In the final days before the midterm elections, following a very familiar pattern, conservative media have yet again turned to hyping baseless and misleading claims of voter fraud.
One of Fox News' purportedly objective news programs reported the false claim that Mi Familia Vota submitted 3,000 "shady" voter registrations at the "last minute" in Arizona to benefit the Democratic Party. The fake story originated from an Arizona blogger who has a history of making questionable statements, and was denounced as false by the Yuma County Recorder's Office.
From the October 19 edition of Fox News' Fox & Friends:
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No, you didn't misread that. John Derbyshire, National Review Online contributor, today rehashed his 2003 argument that nonmilitary government employees shouldn't be allowed to vote. Here's today's post, written in response to fellow contributor Pat Sajak's article about how public employees have a "conflict of interest" when voting:
Pat Sajak: "I'm not suggesting that public employees should be denied the right to vote ..."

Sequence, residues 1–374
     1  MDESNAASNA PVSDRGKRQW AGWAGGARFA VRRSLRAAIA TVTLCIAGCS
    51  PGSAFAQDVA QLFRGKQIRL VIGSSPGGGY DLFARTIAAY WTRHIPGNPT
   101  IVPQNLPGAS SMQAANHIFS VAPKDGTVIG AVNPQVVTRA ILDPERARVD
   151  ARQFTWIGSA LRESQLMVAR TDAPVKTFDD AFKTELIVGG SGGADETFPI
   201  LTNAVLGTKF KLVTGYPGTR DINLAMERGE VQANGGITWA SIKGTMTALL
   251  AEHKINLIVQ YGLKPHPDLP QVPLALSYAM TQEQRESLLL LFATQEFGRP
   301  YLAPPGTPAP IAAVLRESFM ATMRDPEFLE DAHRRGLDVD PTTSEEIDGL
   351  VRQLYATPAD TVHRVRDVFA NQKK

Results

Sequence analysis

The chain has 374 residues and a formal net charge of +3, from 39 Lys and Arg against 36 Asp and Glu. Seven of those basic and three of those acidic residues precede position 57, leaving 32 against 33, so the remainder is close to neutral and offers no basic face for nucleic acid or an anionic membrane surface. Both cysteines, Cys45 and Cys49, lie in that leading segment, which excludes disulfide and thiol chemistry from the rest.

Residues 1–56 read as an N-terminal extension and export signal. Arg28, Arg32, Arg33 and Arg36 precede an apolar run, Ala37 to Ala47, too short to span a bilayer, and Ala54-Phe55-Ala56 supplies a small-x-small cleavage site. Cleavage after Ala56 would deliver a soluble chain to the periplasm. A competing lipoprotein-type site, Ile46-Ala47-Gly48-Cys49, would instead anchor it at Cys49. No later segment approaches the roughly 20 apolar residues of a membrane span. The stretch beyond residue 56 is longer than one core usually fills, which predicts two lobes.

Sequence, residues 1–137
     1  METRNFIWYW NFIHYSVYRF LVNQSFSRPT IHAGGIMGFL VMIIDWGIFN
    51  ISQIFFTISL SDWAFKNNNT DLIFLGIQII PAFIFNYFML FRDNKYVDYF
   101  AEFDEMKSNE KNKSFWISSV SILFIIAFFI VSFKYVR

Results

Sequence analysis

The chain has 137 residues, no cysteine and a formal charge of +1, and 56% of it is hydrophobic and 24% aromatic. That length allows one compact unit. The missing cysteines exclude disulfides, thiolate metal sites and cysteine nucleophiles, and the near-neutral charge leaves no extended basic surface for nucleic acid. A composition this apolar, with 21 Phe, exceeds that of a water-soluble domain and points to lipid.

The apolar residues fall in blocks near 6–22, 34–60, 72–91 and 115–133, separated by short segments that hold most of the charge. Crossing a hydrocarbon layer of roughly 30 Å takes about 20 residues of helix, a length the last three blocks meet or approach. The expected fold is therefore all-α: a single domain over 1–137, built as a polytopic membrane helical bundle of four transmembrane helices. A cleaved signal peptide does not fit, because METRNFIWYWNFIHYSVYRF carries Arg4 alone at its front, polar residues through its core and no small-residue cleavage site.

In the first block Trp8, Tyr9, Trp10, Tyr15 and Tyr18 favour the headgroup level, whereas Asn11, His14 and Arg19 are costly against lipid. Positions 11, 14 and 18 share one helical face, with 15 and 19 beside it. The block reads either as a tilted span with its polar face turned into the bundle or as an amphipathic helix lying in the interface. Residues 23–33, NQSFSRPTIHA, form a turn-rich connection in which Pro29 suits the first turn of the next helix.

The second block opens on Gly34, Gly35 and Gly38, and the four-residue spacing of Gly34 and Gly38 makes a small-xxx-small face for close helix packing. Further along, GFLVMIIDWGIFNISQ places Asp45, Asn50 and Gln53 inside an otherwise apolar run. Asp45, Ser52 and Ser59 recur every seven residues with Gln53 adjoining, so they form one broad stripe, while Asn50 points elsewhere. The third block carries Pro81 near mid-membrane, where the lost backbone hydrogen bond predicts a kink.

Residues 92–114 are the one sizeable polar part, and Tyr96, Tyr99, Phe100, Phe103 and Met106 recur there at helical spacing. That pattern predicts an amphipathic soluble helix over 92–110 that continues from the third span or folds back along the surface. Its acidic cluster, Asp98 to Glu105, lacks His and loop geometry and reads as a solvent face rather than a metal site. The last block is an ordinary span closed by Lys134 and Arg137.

Go ahead, Pat: say it. I did, back in 2003.
[Quoting 2003 article:] "If you let public employees vote, what do you think they are going to vote for? For more public spending, more government jobs, higher government wages. Can you vote yourself a pay raise? No, and neither can I. Bill Bureaucrat and Pam Paperpusher can, though, and they do. Bill and Pam have no problem at all with ever-swelling public budgets, with ever-expanding public services, with the creeping socialism that is slowly throttling our liberties out of existence."
It's an idea whose time will soon come.
Other conservative commentators, like WorldNetDaily's Robert Ringer, have also advocated taking away public employees' voting rights. Using Derbyshire and Ringer's logic, I guess anyone who uses public services -- like the post office, roads, schools, libraries, police, firefighters -- probably has a "conflict of interest" when voting. So does anyone who pays taxes.
Elsewhere in the 2003 article, Derbyshire writes that public servants should be content with the "privilege" of working for the government: "Working for the State, or the nation, is a great privilege and an honor. It brings with it great security, since States and Nations very, very rarely go out of business. Let privilege, honor and security be rewards enough; let's not gild the lily with fripperies like voting rights."
Lest you think he's kidding, note that public employees are hardly the only group Derbyshire thinks unworthy of such "fripperies." In a 2009 interview with Alan Colmes, he also suggested we'd "probably" be a better country if women didn't vote.
Basically, he's saying our country would be a better place if people who don't agree with him couldn't vote. Who's "throttling our liberties out of existence," again?